Other sites might do the same as well; that is just my personal favorite.

6) Love Your Tweeps

Remember what we always say: it's SOCIAL media. Once you find those influencers, be sure to take the time to follow and comment on their tweets. Respond to someone's tweet if they've posted something funny or interesting... or better yet, retweet it to your followers. Retweeting is an excellent way to be noticed by people you follow.

But don't just blindly retweet too much. Make sure it has value; and ideally add your own commentary before the retweet. Of course you only have 140 characters, but sometimes you can add a short phrase like 'Loved No. 6' if you are retweeting a list, for example. Before you retweet a link, make sure you have read the article. Sometimes the content doesn’t match the headline and you might end up retweeting something with a spin you didn't intend!

Before you retweet a link, make sure you have read the article. Sometimes the content doesn’t match the headline and you might end up retweeting something with a spin you didn't intend!

And if someone retweets you or follows you? Send a shout out! "Thanks for RT." or "Thanks for follow." Everyone likes to be appreciated.

Received a compliment? Retweet it and thank the person. Do everything you can to actively engage with your followers. People really do notice when you participate in social media. And not only will you be aligning yourself strategically with these other professionals and their content, but you’ll start to stand out to this person, and the others who trust their insight.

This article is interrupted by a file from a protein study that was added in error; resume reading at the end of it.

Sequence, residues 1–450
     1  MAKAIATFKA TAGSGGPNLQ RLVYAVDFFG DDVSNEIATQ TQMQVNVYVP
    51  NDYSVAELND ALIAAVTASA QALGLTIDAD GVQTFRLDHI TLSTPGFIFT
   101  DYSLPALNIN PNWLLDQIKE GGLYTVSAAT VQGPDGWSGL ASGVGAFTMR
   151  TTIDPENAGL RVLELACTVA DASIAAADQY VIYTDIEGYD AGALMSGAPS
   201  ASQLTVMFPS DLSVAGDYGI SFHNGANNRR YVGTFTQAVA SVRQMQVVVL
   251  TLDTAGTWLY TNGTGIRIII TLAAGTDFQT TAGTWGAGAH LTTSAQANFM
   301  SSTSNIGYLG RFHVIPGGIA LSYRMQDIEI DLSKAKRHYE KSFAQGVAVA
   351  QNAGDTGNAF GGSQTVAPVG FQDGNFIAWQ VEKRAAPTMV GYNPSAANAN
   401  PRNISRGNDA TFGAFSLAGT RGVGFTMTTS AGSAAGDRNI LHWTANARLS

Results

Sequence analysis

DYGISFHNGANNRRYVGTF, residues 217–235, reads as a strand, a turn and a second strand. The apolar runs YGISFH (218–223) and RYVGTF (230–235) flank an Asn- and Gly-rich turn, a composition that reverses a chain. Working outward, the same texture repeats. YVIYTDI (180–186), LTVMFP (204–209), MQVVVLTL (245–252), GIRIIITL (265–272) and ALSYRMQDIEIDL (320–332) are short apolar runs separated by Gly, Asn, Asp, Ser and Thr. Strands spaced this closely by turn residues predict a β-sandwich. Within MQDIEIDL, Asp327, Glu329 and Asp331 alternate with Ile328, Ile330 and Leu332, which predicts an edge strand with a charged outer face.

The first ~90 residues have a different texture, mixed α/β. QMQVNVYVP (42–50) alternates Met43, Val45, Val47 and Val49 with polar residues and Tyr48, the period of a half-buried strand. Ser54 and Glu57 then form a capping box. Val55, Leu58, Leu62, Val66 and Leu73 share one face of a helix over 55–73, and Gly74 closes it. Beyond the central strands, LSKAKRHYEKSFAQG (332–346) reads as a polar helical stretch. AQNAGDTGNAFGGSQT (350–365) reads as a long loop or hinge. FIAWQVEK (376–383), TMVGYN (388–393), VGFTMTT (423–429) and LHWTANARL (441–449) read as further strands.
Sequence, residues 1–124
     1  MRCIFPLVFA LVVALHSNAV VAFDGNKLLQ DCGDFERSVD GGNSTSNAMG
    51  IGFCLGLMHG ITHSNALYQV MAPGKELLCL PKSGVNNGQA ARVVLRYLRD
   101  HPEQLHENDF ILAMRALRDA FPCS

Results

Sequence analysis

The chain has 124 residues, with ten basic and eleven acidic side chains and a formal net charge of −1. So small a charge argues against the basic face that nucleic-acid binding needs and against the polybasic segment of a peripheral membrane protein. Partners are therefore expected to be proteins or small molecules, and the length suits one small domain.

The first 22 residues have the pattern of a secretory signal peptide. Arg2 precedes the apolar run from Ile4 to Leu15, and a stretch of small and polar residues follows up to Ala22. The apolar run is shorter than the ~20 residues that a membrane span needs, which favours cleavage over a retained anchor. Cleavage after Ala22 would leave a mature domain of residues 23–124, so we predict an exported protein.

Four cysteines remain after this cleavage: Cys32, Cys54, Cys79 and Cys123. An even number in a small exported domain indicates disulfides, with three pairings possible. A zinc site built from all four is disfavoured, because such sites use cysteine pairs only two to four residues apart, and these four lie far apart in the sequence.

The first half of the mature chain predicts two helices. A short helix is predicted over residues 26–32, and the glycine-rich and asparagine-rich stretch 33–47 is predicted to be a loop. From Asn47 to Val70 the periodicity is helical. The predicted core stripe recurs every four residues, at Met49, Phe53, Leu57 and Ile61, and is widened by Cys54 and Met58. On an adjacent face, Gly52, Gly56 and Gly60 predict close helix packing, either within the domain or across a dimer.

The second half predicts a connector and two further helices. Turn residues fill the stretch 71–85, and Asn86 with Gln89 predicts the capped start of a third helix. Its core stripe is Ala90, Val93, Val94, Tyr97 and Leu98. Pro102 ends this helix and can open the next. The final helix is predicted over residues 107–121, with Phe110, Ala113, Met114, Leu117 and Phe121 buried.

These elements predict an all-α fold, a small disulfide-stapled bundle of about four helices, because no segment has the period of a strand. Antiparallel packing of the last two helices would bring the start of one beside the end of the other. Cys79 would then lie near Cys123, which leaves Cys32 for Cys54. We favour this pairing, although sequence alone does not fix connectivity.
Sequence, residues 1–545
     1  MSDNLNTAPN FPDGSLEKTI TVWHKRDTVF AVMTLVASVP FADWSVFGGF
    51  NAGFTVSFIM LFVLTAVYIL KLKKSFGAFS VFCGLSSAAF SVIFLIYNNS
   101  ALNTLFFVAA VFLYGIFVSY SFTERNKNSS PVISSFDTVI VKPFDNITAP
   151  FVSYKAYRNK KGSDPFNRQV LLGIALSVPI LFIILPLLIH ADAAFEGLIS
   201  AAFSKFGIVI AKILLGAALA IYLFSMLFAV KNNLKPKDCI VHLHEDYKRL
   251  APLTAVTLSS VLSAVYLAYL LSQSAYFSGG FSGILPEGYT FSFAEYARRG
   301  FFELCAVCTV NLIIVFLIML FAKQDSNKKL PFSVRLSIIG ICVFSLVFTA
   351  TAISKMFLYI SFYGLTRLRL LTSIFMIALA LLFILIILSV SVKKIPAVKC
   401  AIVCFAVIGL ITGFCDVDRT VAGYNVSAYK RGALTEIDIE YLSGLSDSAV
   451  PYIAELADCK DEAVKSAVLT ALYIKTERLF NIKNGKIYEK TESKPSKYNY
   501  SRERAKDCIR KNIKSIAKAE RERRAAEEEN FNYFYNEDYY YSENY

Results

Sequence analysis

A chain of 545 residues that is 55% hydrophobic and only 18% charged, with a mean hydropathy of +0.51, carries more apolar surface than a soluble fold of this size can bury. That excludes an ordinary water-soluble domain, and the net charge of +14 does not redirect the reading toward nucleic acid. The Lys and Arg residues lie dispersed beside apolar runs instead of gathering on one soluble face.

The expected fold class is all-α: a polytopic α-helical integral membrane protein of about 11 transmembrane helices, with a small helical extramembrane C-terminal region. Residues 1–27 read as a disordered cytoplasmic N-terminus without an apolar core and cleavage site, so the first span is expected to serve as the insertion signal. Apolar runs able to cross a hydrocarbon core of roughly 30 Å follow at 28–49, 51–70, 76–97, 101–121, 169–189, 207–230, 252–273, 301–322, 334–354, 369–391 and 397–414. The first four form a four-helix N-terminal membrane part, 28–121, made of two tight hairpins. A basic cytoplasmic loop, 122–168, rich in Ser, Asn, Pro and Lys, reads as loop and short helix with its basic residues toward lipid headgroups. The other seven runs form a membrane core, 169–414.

7) Use Hash Tags (but Sparingly)

We’ve all seen the cringe-worthy #sun #fun #great #day #work, etc. posts where people seem to have hash tagged each and every word. Hashtags are helpful if you are trying to participate in a conversation or want your followers to know you’re in the know. Find ones that are relevant to your topic, or your profession, and use them – but not too much, not every time and not too many in one post.

8) Watch Your Word Count

The official length of a tweet is 140 characters, but keep yours a little shorter if you’d like to be retweeted. Always make sure you shorten links if you are offering an article you’ve read. Use a service like that will automatically shorten it for you. But make sure that you have correctly ID’ed either the publication it’s from or the headline so you can pique the interest of your followers to check it out.

9) Participate in Twitter Chats

These are a fun way to get to know others who share similar interests. Publications and industry trade groups often have Twitter chats, where everyone is answering a similar question. You can follow a Tweet chat by its hashtags; the moderator will keep everyone aligned. Participating in these chats is a great way to identify potential accounts to follow and also to establish yourself as an interesting or credible account yourself.

There’s a whole big networking cocktail party going on over at Twitter, so be sure to follow the fun! It’s a wonderful platform for showcasing your professionalism – but also letting your personality shine through.